nep-evo New Economics Papers
on Evolutionary Economics
Issue of 2008‒05‒31
four papers chosen by
Matthew Baker
City University of New York

  1. On an Evolutionary Foundation of Neuroeconomics By Schipper, Burkhard C
  2. Social Change By Greenwood, Jeremy; Guner, Nezih
  3. Cognitive Abilities and Behavioral Biases By Oechssler, Jörg; Roider, Andreas; Schmitz, Patrick W.
  4. Other-Regarding Preferences in General Equilibrium By Dufwenberg, Martin; Heidhues, Paul; Kirchsteiger, Georg; Riedel, Frank; Sobel, Joel

  1. By: Schipper, Burkhard C
    Abstract: Neuroeconomics focuses on brain imaging studies mapping neural responses to choice behavior. Economic theory is concerned with choice behavior but it is silent on neural activities. We present a game theoretic model in which players are endowed with an additional structure - a simple "nervous system" - and interact repeatedly in changing games. The nervous system constrains information processing functions and behavioral functions. By reinterpreting results from evolutionary game theory (Germano, 2007), we suggest that nervous systems can develop to "function well" in exogenously changing strategic environments. We present an example indicating that an analogous conclusion fails if players can influence endogenously their environment.
    Keywords: Neuroeconomic theory; Evolutionary game theory; Learning in games
    JEL: B40 B21 A12 C73 B25 C72 D87
    Date: 2008–04–16
  2. By: Greenwood, Jeremy (University of Pennsylvania); Guner, Nezih (Universidad Carlos III, Madrid)
    Abstract: A society is characterized by the common attitudes and behavior of its members. Such behavior reflects purposive decision making by individuals, given the environment they live in. Thus, as technology changes, so might social norms. There were big changes in social norms during the 20th century, especially in sexual mores. In 1900 only six percent of unwed females engaged in premarital sex. Now, three quarters do. It is argued here that this was the result of technological improvement in contraceptives, which lowered the cost of premarital sex. The evolution from an abstinent to a promiscuous society is studied using an equilibrium matching model.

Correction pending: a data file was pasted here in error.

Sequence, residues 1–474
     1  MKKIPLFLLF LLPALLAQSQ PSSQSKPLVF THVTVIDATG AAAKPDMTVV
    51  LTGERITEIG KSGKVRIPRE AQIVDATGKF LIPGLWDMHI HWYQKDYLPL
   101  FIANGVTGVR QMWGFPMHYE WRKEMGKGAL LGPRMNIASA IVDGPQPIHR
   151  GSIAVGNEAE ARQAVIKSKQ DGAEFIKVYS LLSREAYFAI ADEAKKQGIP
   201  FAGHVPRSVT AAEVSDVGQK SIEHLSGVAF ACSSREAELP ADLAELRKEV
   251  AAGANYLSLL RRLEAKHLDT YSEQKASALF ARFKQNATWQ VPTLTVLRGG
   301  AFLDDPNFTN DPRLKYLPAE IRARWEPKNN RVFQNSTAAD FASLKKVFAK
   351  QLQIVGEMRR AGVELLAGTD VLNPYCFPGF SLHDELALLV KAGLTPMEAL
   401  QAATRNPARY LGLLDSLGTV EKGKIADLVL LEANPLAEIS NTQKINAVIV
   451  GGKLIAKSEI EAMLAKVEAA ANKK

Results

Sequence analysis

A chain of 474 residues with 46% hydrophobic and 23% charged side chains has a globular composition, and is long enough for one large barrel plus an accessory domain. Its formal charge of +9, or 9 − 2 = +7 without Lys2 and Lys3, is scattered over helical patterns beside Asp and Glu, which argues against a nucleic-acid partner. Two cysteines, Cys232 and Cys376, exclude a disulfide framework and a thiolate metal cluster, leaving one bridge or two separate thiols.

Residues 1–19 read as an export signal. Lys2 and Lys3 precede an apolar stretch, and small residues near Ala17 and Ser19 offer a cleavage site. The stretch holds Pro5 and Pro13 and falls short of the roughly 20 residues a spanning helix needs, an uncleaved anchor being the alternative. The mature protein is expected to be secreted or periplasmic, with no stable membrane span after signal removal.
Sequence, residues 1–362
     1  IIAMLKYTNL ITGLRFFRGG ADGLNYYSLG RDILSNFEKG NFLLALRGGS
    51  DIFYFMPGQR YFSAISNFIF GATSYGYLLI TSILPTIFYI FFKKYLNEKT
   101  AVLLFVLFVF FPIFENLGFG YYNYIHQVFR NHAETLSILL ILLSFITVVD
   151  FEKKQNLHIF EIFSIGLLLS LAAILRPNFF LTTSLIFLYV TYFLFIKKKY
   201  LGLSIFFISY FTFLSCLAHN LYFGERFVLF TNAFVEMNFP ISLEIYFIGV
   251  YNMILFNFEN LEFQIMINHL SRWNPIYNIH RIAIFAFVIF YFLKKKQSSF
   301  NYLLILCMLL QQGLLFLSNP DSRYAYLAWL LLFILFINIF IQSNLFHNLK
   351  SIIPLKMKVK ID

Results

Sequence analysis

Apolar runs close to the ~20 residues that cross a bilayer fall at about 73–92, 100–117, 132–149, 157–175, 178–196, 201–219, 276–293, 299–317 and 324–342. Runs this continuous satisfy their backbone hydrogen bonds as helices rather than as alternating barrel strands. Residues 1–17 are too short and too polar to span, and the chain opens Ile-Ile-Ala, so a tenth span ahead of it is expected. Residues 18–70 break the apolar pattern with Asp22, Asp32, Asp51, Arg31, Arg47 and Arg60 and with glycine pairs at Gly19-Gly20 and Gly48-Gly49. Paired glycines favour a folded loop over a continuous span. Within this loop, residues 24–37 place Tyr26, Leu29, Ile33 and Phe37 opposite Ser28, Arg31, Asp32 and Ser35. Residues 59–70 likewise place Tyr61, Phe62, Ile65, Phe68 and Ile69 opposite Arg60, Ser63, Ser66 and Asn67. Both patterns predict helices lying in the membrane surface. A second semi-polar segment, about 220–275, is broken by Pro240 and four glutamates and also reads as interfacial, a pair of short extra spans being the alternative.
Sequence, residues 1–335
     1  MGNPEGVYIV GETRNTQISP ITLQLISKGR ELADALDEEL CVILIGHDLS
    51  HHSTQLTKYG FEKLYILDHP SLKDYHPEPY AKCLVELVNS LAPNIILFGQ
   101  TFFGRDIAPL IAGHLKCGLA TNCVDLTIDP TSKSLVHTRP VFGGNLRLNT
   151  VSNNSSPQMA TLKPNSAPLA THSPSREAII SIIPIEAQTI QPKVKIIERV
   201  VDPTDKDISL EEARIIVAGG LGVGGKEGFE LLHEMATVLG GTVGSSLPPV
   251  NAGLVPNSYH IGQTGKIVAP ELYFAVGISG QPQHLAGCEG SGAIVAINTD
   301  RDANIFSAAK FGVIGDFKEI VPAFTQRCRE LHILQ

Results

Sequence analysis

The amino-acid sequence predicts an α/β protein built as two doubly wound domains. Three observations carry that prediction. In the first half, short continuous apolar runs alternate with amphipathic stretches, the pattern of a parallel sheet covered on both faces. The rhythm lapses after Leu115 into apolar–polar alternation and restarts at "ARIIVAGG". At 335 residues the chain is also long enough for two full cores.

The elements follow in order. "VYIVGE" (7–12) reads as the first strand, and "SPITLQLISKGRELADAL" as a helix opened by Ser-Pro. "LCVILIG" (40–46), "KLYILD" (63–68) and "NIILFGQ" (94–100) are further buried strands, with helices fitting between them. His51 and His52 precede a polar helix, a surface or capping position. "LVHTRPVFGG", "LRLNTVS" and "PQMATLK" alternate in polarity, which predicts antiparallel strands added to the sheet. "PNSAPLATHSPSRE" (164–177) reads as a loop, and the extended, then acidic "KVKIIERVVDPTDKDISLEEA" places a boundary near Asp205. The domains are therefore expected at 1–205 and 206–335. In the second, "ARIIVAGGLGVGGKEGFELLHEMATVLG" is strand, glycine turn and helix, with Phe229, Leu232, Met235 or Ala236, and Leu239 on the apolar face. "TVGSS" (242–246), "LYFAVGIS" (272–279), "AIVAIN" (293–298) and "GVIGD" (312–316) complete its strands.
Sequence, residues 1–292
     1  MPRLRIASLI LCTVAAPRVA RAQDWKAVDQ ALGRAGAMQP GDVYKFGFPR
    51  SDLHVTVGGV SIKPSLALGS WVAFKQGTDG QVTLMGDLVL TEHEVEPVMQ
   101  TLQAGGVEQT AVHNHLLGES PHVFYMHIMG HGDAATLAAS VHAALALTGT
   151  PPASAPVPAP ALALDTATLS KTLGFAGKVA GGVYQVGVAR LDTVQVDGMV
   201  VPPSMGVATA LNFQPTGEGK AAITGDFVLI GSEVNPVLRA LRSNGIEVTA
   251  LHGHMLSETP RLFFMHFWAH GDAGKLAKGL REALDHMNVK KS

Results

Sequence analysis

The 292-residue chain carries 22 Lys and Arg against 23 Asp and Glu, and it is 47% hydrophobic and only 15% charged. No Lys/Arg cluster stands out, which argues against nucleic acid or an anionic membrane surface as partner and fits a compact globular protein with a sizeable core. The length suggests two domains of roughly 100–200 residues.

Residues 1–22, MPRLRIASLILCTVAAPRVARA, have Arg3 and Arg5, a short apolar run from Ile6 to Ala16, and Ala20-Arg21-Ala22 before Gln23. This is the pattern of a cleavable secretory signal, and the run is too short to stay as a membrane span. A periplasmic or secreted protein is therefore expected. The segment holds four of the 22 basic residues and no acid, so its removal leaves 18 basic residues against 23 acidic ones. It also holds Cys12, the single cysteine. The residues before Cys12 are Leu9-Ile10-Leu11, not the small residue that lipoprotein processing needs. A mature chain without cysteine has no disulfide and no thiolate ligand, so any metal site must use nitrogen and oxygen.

Keywords: social change, sexual revolution, technological progress in contraceptives, bilateral search
    JEL: E1 J1 O3
    Date: 2008–05
  3. By: Oechssler, Jörg (University of Heidelberg); Roider, Andreas (University of Heidelberg); Schmitz, Patrick W. (University of Cologne)
    Abstract: We use a simple, three-item test for cognitive abilities to investigate whether established behavioral biases that play a prominent role in behavioral economics and finance are related to cognitive abilities. We find that higher test scores on the Cognitive Reflection Test of Frederick (2005) indeed are correlated with lower incidences of the conjunction fallacy, conservatism in updating probabilities, and overconfidence. Test scores are also significantly related to subjects’ time and risk preferences. We find no influence on anchoring. However, even if biases are lower for people with higher cognitive abilities, they still remain substantial.
    Keywords: behavioral finance, biases, cognitive abilities, cognitive reflection test
    JEL: C91 D80 D90 J24
    Date: 2008–05
  4. By: Dufwenberg, Martin; Heidhues, Paul; Kirchsteiger, Georg; Riedel, Frank; Sobel, Joel
    Abstract: We study competitive market outcomes in economies where agents have other-regarding preferences. We identify a separability condition on monotone preferences that is necessary and sufficient for one's own demand to be independent of the allocations and characteristics of other agents in the economy. Given separability, it is impossible to identify other-regarding preferences from market behaviour: agents behave as if they had classical preferences that depend only on own consumption in competitive equilibrium. If preferences, in addition, depend only on the final allocation of consumption in society, the Second Welfare Theorem holds as long as an increase in resources can be distributed such that all agents are better off. Nevertheless, the First Welfare Theorem generally does not hold. Allowing agents to care about their own consumption and the distribution of consumption possibilities in the economy, we provide a condition under which agents have no incentive to make direct transfers, and show that this condition implies that competitive equilibria are efficient given prices.
    Keywords: markets; other-regarding preferences; self-interest; welfare
    JEL: D5 D63 D64
    Date: 2008–05

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